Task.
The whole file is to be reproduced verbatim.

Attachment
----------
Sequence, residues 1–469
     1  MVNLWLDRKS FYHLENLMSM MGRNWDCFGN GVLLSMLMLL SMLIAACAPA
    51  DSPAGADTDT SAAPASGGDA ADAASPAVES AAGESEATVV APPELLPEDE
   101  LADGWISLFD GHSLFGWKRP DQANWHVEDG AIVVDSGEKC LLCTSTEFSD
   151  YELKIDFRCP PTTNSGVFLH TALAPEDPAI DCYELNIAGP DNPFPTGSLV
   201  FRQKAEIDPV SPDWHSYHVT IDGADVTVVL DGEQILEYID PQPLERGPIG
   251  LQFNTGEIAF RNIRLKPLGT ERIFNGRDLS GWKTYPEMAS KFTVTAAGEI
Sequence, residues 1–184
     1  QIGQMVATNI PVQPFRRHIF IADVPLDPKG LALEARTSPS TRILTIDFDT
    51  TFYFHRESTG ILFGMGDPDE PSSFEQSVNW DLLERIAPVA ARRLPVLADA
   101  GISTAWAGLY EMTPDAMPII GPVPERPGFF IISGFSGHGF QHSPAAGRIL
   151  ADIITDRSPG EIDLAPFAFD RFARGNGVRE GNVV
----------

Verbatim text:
Sequence, residues 1–469
     1  MVNLWLDRKS FYHLENLMSM MGRNWDCFGN GVLLSMLMLL SMLIAACAPA
    51  DSPAGADTDT SAAPASGGDA ADAASPAVES AAGESEATVV APPELLPEDE
   101  LADGWISLFD GHSLFGWKRP DQANWHVEDG AIVVDSGEKC LLCTSTEFSD
   151  YELKIDFRCP PTTNSGVFLH TALAPEDPAI DCYELNIAGP DNPFPTGSLV
   201  FRQKAEIDPV SPDWHSYHVT IDGADVTVVL DGEQILEYID PQPLERGPIG
   251  LQFNTGEIAF RNIRLKPLGT ERIFNGRDLS GWKTYPEMAS KFTVTAAGEI
Sequence, residues 1–184
     1  QIGQMVATNI PVQPFRRHIF IADVPLDPKG LALEARTSPS TRILTIDFDT
    51  TFYFHRESTG ILFGMGDPDE PSSFEQSVNW DLLERIAPVA ARRLPVLADA
   101  GISTAWAGLY EMTPDAMPII GPVPERPGFF IISGFSGHGF QHSPAAGRIL
   151  ADIITDRSPG EIDLAPFAFD RFARGNGVRE GNVV